On Tuesday I finished the annual Toys For Tots toy build sponsored by the Triangle Woodworkers Association. Most of the build was a group effort but I did the final assembly of the 100 bulldozers by myself. It’s finicky work and I had run out of time and assistants. The Hillsborough Orange Woodworkers meet on Monday nights and had done most of the work during those meetings.
On the last Monday night, instead of putting them to work, we had the annual HOW Seasonal Party. We had 19 attendees with seating for 18. We squoze a bit. Knowing what Tuesday foretold, I left the table early to start on the dishes, depriving many of my charm, humor and dazzling personality. Somehow they survived.
Dishes, it’s what I do. My wife cooks and I do dishes. It might be gender stereotyping but it plays to our strengths. We are both well suited for our appointed tasks. However, she enjoys cooking more than I enjoy doing dishes. I hope.
We had a similar situation earlier this year. A group of friends, local and imported, came to dinner. I bailed early to do the dishes since the drywall artiste was coming at 8:30 AM to repair our long, high seams. The house needed to be stripped down a bit to allow safe access. The glass collection needed to be stashed in the spare bedroom after the guests left. The glass survived the move but around 1:30 AM I did lose 4 of 5 glass shelves left atop the 10-foot ladder when I moved it. They mostly missed me on their way to the floor. Band-Aids but no stitches were required. It did wake my wife. She has a day job and had gone to bed at a reasonable hour.
But, I digress…
This year we provided 385 toys for the TFT campaign. 50 hippos, 50 trucks, 50 tankers, 35 bear/pigs and 100 bulldozers were built.
There could have been 50 bear/pigs as well but pattern routing Southern Yellow Pine (SYP) did not go as well as I had hoped. I tried a straight bit, up spiral, down spiral an up/down spiral bit. 18 bear/pigs are on their way to the recycling center. The good news is that no fingers were lost and I kept the newly liberated blood off of the toys.
The previous Monday we finished all toys but the bulldozers. The bodies were complete but the blades needed to be assembled and installed.
I used a stopwatch while assembling the bulldozers as a tool to keep me focused on the task at hand. I suffer from some level of ADD and being aware of the time helps. Quickest was 1:54 and the slowest was around 4 minutes. Typical time was 2:30 depending on what I dropped and what adjustments were necessary. In that time I:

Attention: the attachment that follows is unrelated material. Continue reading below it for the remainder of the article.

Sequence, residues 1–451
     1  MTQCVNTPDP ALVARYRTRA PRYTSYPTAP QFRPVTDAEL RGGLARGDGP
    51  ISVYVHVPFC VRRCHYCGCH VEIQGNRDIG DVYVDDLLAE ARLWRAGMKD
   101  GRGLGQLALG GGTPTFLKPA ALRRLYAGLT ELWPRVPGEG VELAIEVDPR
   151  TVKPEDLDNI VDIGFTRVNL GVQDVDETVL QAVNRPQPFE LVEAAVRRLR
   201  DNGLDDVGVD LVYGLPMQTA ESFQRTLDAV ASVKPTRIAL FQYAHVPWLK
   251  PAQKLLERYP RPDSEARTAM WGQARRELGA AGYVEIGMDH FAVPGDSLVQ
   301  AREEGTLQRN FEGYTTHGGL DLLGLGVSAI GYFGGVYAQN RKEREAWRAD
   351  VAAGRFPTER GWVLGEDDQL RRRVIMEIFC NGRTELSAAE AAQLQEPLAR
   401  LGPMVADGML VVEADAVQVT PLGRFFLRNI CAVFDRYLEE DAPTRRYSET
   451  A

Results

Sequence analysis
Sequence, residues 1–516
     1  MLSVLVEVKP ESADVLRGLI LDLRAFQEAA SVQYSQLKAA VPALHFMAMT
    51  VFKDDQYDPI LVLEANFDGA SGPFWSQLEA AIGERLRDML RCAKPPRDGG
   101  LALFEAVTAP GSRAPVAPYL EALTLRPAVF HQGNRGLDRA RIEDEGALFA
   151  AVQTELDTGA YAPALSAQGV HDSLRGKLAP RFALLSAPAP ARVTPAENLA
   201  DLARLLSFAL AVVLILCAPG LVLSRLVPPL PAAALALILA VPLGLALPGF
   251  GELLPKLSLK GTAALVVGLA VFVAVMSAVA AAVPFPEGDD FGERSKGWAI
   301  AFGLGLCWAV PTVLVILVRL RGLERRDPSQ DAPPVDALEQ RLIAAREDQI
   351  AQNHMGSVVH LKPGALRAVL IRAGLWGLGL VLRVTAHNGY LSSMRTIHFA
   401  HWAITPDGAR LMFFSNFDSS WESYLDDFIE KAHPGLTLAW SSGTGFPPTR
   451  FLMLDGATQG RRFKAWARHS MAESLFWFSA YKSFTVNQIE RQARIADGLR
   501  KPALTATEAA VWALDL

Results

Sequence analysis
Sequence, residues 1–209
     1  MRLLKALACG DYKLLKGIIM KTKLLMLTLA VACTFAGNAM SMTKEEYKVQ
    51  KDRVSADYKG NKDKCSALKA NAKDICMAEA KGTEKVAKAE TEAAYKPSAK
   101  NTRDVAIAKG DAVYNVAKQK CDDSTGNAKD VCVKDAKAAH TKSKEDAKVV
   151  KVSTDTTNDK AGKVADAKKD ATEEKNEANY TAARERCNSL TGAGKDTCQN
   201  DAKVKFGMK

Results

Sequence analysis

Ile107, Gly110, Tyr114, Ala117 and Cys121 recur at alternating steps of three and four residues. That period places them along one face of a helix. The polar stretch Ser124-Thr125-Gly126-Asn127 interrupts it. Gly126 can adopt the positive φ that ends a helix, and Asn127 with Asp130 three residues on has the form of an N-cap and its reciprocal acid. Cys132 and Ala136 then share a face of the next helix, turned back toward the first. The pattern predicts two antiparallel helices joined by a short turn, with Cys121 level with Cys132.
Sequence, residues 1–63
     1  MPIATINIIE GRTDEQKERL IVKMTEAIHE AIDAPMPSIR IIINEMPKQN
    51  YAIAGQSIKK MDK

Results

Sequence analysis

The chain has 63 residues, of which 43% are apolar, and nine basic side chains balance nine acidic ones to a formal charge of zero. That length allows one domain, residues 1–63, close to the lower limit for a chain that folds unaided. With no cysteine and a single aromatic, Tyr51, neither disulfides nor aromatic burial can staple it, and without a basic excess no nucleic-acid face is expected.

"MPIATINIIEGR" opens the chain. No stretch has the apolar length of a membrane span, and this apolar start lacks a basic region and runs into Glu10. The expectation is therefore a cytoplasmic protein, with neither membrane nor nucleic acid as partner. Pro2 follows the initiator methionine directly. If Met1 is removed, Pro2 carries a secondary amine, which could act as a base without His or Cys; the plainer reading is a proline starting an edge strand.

- Slightly beveled the ends of the rear axle and blade pins with my trusty yellow plastic pencil sharpener. Cleans up the fuzz and aids assembly.
- Glue the right rear wheel to the rear axle.
- Insert the rear axle into the body and glue the left rear wheel onto the rear axel matching alignment of the blade pin holes in the rear wheels.
- Check rear wheel clearances and adjust as necessary with my trusty Slyod knife. Note: when using the knife to adjust the clearances, the sharpened edge points DOWN and is inserted between the body and the wheel. Up doesn’t work nearly as well.
- Glue and insert the right blade pin.
- Glue and insert the left blade pin.
- Check alignment and clearances.
- Check that the blade moves freely.
When I finished, I did a final quality control check on all the toys. This completed, I loaded all the toys into my car and headed over to Cary, NC for the annual TWA Seasonal Dinner. At this dinner, the toys are displayed, discussed and presented to the US Marines for transport and distribution. As it has been for the past twenty years, Roy Underhill was the guest speaker. He did a short humorous presentation after we ate and before we loaded the truck.
The last two years, we filled the Marine van and two large SUV’s. This year, the Marines sent one of their five ton trucks. We loaded it and with that, we were done for another year.
I would like to thank the following for all their efforts in building the toys and not all coming to the party:
HOW Members (Hillsborough Orange Woodworkers)